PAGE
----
Ah, life in the cubicle village can be enlightening…sometimes too enlightening. I’ll try to look at this from both vantage points. To live in cubicle village, you have to cultivate a refined ability to ignore what is being said around you. Focus on your work, not what your next door neighbor is saying. If the volume gets too loud, do what I do when my apartment neighbors get too loud. Stop by for a quick visit and saying something along the lines of, “Hello Mary! How’s it going today. Listen, I don’t know if you are aware of this or not, but with us only having a thin wall between us, I can easily overhear your personal and/or family conversations. I am sure you don’t want everyone in our cubicle area knowing what goes on in your personal life so I just wanted to let you. Have a great day!” Some people don’t realize how loud they are being when talking to family and friends. Give them a chance to correct it before taking further action. As to the personal hygiene, yes, it is shocking what some employees will do within confines of their working space, offices included. I would recommend you speak to HR about those habits and how offensive they are to you. HR professionals usually have a nice way of broaching that subject with the offender and that way, even if their feelings are hurt, they direct that unhappiness toward HR, not you. Same thing goes for folks who don’t like to bathe very often or wear underarm deodorant! They may need to attend a training session on professional behavior! And, they may know perfectly well how offensive they are being and this is their way to get some attention, even if it’s disgust. HR should be able to deal with this. If both of those approaches don’t work, slip a note to their managers and invite them to just show up (you’ll have to provide times of day when the activity is the most prevalent) and visit their support staff. It sounds like your neighbors have gotten used to not being around their supervisors and that tends to cause some employees to become a little too lax in their work environment. Perhaps if Mary’s boss stands behind her and listens to an update of what cousin Patty did at the bar last weekend, he/she can find a way to stop those conversations. I’m guessing that if they do it all day, their work isn’t getting done and their boss is wondering why. You can also ask your boss for a white noise machine and tell him/her why. Talk to him/her about the hygiene issues as well. That may cause the desired ripple effect without you having to approach their bosses! Good Luck! Anonymous on 3/1/2013 9:49:03 AM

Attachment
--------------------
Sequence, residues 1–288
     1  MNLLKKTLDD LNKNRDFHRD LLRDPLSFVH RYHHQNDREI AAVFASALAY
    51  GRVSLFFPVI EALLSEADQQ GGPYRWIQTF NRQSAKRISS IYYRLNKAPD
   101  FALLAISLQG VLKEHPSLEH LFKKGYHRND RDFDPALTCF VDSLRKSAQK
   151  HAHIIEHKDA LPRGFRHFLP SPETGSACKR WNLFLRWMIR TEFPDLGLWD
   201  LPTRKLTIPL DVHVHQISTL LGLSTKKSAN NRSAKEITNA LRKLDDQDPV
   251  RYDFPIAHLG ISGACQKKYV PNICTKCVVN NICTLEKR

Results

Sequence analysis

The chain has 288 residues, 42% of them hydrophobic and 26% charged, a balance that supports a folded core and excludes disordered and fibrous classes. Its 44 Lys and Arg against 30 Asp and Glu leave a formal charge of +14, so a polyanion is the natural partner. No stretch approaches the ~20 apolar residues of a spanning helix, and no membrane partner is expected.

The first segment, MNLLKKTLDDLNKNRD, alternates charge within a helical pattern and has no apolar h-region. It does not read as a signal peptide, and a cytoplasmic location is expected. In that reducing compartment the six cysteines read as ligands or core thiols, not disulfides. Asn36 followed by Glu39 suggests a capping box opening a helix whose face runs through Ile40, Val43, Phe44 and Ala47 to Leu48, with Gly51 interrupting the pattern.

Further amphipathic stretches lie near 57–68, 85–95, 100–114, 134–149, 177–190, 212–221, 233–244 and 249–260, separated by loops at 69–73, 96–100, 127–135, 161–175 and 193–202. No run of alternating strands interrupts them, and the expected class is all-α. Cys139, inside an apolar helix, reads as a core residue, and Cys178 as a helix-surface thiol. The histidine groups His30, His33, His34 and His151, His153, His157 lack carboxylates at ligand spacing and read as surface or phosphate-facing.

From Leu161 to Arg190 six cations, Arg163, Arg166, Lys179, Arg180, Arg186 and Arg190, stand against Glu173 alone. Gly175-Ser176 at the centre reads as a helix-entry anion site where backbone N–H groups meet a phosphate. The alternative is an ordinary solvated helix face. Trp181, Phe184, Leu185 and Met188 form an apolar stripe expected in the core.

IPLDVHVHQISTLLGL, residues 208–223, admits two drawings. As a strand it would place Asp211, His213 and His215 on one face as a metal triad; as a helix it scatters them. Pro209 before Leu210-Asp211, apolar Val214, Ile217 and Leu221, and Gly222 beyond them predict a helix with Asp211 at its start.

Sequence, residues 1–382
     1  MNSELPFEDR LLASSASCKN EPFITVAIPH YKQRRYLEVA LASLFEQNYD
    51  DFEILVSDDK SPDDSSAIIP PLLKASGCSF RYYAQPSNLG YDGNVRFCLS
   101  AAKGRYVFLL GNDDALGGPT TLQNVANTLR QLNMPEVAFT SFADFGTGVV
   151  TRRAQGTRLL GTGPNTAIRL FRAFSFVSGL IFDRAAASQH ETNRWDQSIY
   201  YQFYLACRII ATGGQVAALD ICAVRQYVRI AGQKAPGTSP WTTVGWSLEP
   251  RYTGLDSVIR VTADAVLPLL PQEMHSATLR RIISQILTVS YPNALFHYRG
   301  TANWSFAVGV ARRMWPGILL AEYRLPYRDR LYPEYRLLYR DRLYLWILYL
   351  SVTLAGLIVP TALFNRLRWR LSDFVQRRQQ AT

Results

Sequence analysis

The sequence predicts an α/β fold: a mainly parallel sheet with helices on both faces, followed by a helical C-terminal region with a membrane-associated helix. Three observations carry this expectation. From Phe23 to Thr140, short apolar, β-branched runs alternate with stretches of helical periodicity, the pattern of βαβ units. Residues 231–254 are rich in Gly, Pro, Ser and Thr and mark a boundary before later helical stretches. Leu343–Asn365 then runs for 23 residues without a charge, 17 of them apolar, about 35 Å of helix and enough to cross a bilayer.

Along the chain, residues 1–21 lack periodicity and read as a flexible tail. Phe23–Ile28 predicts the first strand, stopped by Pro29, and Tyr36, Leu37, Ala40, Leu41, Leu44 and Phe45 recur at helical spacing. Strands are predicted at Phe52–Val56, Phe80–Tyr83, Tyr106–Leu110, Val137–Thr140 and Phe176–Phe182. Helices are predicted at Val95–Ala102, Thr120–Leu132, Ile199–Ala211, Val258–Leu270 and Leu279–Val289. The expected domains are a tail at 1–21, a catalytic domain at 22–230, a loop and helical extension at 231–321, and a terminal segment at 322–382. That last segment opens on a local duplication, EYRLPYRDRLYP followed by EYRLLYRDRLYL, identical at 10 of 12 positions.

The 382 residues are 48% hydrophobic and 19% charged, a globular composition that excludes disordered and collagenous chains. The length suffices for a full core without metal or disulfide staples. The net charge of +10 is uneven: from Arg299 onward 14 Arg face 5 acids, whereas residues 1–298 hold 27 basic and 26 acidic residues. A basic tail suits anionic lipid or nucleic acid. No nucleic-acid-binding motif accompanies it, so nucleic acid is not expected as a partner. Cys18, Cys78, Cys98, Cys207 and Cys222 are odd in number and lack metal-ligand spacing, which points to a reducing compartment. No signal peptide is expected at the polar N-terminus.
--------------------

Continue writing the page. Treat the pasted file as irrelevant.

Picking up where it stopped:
How about sending out or posting Cubicle Etiquette. Anonymous on 3/1/2013 9:48:14 AM